One of the interesting things I find about the current “revolution” is how the digital space is becoming more and more fragmented. The post WWII era is characterized by mass distribution and global marketing where multinationals would push a product globally. Now this may still work with electronics, automobiles, and other consumer goods that translate well across cultures (at least the bastardized global culture of today) but it always felt forced when extended to movies and music.
Broadband and distribution tools like cheap hosting bandwidth, sites like YouTube and many other small players are giving creators a way to reach niche markets. Although it isn’t enough to knock down the big names in the industry, it’s more than enough to eat away at the market share of mid-level artists. There is no mainstream. The bell curve is stretched out in the middle and hard to capture.
What we now have is an ironic, “old is new” again creative market where we’re seeing a lot of fragmentation and fermentation in the trenches. Some have great talent while others are talented amateurs. What you wont find are boring entertainment executives without so much as an eye or ear for art calling the shots. This in itself is progress but it’s forcing all kinds of adjustments.
Music is definitely one of the first to go. A whole album encoded in high-quality is rarely more than 100MB. This is small change in the age of broadband and gigabytes of storage (soon to be terabytes). There is little to prevent music from distributing itself. But that’s just the digital side.
Check out this quote from an article about aging rock stars touring Germany to milk the baby boomers and old fans.
“It is business interests that are keeping them going. Sales of recordings have been falling for years in face of the digital challenge and new sources of revenue are needed: live concerts.” German critics mock wrinkled rockers on tour trail | U.S. | Reuters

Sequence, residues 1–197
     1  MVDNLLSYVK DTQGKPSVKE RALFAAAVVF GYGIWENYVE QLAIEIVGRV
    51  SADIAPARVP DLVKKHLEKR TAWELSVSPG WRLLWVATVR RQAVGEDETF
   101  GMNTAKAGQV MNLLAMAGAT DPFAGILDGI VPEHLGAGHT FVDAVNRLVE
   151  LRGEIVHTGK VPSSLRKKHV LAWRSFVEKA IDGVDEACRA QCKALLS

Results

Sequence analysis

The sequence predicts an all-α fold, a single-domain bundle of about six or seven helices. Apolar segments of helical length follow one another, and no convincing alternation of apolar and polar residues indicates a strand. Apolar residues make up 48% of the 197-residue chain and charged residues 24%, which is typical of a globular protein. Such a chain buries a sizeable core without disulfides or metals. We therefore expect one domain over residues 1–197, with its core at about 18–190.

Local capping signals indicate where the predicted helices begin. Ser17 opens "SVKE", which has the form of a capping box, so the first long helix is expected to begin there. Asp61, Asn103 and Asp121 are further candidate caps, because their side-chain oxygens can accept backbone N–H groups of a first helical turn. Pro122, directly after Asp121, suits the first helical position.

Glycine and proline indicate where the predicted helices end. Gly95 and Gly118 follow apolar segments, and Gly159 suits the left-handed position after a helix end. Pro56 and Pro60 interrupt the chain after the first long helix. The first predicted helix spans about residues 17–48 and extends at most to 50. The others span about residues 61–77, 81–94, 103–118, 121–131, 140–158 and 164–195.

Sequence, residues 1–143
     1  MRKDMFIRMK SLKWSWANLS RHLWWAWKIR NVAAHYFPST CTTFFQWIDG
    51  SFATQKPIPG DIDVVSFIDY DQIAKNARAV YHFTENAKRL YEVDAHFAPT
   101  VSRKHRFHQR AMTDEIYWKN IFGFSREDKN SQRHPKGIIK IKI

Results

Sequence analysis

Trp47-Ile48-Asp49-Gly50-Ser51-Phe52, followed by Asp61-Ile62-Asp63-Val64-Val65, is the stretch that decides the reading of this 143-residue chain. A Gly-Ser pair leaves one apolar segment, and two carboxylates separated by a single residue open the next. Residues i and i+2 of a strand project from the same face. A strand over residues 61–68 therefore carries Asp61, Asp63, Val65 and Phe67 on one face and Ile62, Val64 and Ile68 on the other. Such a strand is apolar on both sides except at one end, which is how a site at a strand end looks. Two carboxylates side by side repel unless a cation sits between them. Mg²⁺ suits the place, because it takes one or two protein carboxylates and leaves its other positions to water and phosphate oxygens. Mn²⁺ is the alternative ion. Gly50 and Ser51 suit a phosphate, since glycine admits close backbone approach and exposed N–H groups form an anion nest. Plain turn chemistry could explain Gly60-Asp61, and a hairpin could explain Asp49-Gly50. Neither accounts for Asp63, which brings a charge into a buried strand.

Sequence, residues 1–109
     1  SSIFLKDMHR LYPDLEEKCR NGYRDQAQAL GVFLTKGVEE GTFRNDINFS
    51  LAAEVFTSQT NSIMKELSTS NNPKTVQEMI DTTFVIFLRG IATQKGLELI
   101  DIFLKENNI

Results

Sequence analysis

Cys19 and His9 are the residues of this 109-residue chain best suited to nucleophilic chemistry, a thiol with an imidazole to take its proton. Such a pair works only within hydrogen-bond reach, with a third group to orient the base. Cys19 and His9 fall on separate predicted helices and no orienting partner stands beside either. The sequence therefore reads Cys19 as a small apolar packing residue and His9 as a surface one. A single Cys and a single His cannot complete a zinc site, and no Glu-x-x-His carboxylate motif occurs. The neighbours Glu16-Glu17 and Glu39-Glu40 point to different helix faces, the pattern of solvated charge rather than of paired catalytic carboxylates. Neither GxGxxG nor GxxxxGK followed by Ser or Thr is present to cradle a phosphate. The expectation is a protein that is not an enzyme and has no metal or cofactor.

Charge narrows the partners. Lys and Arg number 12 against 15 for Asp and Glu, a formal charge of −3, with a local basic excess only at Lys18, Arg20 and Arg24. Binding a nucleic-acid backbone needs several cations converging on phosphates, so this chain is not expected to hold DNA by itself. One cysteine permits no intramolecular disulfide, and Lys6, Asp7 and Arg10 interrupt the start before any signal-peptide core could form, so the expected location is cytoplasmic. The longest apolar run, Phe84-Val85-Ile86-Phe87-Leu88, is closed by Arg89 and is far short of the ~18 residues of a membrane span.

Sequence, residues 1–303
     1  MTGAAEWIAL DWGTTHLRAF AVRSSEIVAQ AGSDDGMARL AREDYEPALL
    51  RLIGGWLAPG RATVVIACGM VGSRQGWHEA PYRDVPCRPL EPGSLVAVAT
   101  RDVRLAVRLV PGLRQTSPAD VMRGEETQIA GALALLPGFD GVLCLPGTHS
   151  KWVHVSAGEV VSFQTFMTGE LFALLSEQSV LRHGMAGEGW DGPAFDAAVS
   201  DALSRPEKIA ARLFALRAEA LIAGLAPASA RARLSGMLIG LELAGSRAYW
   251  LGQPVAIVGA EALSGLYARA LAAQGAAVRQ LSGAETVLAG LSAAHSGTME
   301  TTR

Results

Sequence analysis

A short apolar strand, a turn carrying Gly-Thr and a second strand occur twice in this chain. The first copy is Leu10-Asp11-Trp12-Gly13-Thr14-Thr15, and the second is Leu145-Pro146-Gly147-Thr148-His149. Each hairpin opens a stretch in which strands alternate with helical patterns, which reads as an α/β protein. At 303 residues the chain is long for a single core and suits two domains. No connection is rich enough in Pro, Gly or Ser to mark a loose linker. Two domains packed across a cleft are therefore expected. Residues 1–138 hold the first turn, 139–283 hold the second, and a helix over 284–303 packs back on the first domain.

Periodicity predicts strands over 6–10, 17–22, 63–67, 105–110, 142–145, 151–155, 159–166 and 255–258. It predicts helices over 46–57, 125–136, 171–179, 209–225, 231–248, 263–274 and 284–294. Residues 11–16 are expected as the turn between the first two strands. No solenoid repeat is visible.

Of course, this is referring to rockers from the golden era before digital downloads that built up their presence with years of hard work catering to an aging fan base that is more forgiving along with newer fans more in love with their past work than their current state. Still, I think this trend is more or less universal. The best way for an artist to make money in this day and age is to tour.
Although piracy sucks for an artist, I think it’s great that need is pushing artists to stay in direct contact with their fans. Some people just don’t think twice about copying a music file so much as they think about clicking and saving something they found on the net and as a result have become adverse to paying $12-20 for an album filled with a couple hits spaced between worthless filler. Yet, the live experience is something else altogether that can never be downloaded.
While iTunes is a great innovative solution that served as a true pioneer in digital distribution it’s essentially closed to Apple-approved content and I honestly don’t like it. I think it should be an open platform for independent artists to distribute their music (eBay-style) where artists can submit content at will for a minimal cut provided they have ownership.
In the meantime, it’s time for upcoming artists to take their show on the road, hone their skills, and build a fan base the old-fashioned way. Naturally, this doesn’t fare well for synthesizer-heavy cut-and-paste production with weak vocals that are digitally-enhanced (ie most of the mainstream) but hey.